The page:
Des Moines, Commit to Saying "Yes"
Over the last two years my business partner Lyndon Haselhuhn and I, Sören Albaugh, have organized Limited Space, an art and music showcase in Greater Des Moines (DSM). When COVID-19 hit in February 2020, we were forced to reformat our event from its norm — an in-person event with up to 100 artists displaying their work in a limited space of less than 25 square feet, two DJs and a lot of dancing — to a pandemic-safe, outdoor drive-in-movie with art projected on big screens.
From its fruition in a small room atop the Des Moines Building, to its run at the Des Moines Social Club and other DSM venues, Limited Space has faced a number of changes over the last two years. Making further changes to Limited Space for COVID-19 forced me to reflect on not only the past and future of our event but also on DSM and the progress that could be made within our community.
Focusing on What’s Next
Steve Jobs famously said, “Focusing is about saying no.” Most of us have said “no” more in 2020 than ever before. No to: large in-person gatherings, happy hours, dining in, seeing loved ones and so many other activities that haven’t been deemed pandemic-safe. Saying “no” is happening so often that it’s downright trendy.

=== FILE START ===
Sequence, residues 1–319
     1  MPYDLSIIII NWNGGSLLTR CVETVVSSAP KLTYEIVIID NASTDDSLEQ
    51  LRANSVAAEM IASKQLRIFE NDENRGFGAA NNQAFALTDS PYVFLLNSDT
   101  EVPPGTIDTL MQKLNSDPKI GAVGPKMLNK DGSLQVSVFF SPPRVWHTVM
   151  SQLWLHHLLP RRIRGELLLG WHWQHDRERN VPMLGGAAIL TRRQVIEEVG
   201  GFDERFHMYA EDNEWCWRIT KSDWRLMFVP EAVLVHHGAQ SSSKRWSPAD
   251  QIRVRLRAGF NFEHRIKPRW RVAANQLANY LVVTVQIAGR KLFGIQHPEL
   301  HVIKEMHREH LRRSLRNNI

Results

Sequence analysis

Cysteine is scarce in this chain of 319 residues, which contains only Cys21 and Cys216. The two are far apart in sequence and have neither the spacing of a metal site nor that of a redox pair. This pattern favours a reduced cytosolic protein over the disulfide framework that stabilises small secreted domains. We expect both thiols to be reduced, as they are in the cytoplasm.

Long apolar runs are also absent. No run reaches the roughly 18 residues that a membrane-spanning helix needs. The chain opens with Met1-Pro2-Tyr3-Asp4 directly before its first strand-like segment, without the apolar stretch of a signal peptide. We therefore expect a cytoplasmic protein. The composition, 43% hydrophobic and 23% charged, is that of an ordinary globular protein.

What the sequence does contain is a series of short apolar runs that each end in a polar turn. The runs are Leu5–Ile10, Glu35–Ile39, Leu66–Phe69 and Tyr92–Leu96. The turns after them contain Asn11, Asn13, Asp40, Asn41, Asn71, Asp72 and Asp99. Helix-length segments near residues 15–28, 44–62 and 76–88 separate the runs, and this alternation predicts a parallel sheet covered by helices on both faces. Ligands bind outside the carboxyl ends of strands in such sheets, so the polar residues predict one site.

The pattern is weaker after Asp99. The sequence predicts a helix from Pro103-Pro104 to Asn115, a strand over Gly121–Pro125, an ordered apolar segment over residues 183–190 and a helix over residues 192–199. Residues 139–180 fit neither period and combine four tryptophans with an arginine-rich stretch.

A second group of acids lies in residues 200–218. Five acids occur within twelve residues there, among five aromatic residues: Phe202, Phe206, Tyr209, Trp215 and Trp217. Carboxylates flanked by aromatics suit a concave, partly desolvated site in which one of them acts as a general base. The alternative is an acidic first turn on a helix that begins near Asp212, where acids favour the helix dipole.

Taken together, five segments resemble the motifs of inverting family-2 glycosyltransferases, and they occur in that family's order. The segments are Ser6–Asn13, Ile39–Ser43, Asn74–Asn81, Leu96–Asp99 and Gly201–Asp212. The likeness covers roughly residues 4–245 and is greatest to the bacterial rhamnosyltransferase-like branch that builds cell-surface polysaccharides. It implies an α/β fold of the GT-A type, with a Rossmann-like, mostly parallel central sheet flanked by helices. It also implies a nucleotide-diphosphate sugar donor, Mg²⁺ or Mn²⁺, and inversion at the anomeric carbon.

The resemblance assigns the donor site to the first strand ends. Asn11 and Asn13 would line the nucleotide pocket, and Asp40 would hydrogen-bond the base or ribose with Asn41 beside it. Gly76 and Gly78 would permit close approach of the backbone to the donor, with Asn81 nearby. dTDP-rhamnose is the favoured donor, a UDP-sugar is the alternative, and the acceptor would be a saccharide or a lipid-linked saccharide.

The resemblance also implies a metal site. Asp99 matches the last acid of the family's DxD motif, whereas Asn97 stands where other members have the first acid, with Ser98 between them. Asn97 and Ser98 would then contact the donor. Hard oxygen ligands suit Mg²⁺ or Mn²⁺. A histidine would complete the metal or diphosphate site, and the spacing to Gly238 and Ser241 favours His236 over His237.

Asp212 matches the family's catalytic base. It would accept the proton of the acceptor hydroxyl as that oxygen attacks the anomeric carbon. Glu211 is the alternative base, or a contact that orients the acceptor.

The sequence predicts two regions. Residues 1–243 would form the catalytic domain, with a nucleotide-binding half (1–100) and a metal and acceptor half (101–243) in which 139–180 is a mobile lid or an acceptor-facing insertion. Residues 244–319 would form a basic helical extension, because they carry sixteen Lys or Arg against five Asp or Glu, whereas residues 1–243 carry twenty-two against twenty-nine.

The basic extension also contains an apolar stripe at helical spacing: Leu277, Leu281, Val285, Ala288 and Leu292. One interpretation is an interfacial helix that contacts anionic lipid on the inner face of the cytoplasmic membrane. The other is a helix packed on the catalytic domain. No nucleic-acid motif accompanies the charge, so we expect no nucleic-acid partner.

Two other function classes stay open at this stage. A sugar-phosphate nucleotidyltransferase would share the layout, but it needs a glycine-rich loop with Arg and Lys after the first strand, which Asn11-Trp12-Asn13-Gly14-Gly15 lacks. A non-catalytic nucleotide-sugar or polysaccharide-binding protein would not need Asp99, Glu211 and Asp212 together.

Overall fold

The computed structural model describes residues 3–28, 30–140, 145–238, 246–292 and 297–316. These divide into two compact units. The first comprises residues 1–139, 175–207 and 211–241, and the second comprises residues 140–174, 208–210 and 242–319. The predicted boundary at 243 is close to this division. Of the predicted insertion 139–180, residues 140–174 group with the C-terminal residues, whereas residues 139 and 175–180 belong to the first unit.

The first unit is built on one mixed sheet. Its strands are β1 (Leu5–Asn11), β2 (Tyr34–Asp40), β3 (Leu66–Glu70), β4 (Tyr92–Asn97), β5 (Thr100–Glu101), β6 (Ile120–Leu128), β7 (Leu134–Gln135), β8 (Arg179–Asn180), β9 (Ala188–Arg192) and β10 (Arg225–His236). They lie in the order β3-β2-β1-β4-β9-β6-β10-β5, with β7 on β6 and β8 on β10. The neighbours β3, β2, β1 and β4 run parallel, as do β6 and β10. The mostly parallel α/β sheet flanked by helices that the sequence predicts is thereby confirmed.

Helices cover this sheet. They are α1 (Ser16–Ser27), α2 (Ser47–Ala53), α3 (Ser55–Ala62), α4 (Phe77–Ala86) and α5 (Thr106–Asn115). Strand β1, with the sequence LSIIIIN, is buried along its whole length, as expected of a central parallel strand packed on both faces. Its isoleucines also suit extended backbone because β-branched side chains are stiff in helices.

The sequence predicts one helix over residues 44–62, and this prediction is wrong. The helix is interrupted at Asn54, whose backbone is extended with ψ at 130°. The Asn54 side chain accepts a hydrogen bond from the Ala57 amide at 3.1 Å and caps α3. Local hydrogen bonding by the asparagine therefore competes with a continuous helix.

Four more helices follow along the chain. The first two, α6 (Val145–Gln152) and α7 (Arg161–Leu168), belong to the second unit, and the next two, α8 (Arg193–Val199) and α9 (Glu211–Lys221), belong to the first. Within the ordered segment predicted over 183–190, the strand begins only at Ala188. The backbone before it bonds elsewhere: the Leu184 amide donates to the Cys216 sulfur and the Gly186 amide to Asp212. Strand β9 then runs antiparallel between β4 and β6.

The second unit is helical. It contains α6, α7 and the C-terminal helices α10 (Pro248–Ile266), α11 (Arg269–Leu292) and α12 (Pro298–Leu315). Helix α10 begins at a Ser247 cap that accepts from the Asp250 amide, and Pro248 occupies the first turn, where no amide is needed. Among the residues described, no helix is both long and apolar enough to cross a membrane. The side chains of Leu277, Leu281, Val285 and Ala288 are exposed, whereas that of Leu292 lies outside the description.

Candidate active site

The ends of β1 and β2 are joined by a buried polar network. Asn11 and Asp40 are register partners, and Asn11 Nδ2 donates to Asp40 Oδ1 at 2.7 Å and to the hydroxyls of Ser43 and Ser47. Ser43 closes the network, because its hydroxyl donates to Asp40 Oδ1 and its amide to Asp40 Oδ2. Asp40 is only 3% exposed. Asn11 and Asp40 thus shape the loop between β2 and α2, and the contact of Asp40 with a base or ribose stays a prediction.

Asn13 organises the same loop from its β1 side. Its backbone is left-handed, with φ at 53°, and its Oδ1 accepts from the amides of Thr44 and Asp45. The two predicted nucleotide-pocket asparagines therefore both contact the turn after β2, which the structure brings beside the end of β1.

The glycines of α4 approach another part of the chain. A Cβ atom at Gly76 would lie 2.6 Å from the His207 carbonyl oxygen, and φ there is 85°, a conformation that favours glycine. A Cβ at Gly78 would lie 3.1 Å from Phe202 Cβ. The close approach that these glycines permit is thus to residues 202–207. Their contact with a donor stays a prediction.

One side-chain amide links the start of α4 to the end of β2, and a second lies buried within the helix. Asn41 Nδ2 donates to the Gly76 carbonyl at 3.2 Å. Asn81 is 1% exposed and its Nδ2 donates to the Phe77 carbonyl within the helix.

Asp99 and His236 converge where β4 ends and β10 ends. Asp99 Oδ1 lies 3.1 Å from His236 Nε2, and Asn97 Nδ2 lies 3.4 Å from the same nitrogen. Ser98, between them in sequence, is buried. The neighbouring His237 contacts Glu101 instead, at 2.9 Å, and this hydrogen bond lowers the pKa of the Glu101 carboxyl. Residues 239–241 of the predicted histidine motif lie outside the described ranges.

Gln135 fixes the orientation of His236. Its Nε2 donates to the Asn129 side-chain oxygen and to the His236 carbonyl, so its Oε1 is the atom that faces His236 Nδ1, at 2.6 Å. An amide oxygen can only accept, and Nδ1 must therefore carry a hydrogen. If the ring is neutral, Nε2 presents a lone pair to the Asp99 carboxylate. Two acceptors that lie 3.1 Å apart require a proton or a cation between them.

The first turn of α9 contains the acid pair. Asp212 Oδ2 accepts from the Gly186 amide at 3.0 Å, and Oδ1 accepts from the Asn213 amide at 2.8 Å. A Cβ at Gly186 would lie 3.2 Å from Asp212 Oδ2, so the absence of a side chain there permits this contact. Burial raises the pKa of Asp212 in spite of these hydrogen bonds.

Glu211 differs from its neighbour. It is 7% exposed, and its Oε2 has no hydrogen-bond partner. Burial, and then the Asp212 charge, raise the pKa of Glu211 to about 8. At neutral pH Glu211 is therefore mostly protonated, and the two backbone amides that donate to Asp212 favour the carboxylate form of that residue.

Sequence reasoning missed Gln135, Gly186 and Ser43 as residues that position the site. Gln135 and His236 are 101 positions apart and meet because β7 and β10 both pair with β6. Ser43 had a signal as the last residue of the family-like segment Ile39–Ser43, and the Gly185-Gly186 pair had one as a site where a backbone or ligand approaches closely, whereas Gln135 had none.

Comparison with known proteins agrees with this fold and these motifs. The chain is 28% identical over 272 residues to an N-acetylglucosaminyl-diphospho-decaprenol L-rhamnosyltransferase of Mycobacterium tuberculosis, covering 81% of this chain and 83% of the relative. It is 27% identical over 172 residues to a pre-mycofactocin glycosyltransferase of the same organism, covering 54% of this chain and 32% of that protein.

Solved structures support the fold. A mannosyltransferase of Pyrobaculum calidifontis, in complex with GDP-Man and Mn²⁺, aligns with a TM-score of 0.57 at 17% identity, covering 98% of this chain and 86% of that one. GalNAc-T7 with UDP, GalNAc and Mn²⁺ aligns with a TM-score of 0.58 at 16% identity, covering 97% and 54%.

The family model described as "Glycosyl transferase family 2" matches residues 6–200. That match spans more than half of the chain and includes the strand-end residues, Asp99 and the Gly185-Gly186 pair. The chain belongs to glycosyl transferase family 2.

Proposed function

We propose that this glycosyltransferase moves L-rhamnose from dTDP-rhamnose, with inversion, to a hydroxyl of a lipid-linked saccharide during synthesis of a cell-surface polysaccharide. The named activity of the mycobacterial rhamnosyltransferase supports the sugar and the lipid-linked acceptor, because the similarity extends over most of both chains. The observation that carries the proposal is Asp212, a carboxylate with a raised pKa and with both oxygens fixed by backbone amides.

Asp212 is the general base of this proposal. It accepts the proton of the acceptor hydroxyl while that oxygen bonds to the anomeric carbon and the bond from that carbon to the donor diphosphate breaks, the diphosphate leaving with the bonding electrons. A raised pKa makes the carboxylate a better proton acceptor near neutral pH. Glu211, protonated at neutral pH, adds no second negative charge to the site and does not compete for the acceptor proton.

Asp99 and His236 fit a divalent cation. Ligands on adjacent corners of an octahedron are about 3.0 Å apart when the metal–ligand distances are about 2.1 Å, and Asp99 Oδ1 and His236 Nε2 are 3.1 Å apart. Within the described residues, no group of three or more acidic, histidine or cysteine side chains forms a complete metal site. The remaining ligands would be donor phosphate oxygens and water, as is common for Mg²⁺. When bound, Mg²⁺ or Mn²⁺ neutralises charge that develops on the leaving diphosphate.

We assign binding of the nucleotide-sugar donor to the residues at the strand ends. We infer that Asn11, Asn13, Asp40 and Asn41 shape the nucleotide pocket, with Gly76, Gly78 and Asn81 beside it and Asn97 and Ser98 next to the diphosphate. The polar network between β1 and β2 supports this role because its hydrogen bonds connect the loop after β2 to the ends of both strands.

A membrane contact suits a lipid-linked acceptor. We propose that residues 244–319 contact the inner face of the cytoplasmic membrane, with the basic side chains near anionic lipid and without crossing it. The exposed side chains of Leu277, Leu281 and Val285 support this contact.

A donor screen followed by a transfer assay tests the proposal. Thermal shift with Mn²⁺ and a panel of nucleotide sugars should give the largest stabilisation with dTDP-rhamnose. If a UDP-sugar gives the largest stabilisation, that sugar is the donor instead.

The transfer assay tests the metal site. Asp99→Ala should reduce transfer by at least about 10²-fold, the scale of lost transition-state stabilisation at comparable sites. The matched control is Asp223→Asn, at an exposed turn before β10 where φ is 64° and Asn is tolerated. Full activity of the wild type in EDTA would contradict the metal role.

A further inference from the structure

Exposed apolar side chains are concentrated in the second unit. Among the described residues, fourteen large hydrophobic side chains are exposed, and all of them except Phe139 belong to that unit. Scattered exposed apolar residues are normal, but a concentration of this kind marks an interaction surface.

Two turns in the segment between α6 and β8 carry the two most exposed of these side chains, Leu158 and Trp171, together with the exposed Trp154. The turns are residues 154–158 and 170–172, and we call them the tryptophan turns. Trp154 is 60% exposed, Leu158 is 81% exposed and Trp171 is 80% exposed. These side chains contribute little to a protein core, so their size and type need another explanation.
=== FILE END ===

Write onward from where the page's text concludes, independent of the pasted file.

With budget concerns, work stress and a modern life that can foster so much anxiety, it’s all too easy for executive directors to fall into the trap of a protective mindset that leads them to also say “no.” “No” to new ideas, “no” to outsiders, “no” to things that aren’t the norm. These executive directors might try to conserve resources and energy by only offering opportunities to those already in their circle because it feels like the safe option. However, this protective instinct is really just a scarcity mindset. The moment one adopts a scarcity thought process, they start excluding opportunities from outsiders and the true innovation and better ideas they would bring to the table.
I want to instead talk about saying “yes.” Every executive director, every artist, every organization, every entrepreneur and every person must start to say “yes” more often. While it’s obviously not realistic to say “yes” to everything that gets pitched, one can commit to saying “yes” more and can also quantify it. Every executive director can commit to taking two meetings with someone they personally regard as an outsider in the art world twice a month; they can then commit to saying “yes” to one of those people at least every other month.
The most valuable and most innovative ideas are initially usually seen as outside ideas and often come from less-established sources. In today’s extremely globalized and competitive world, DSM can’t afford to keep saying “no” to its best resource: new ideas.
It’s an open secret that Iowans prefer to work with people we already know. We regard these insiders with great esteem and, more often than not, we are wary of outsiders. In order for us to progress, we must break out of this mold to ensure great ideas are not left on the table, and saying “yes” in your own life is the first step to making that happen.
You can see Limited Space: Drive-In Edition from 6-10 p.m. on Saturday, November 28 at Water Works Park in Downtown DSM. Over 60 artists — from local to as far away as Singapore — will be featured.
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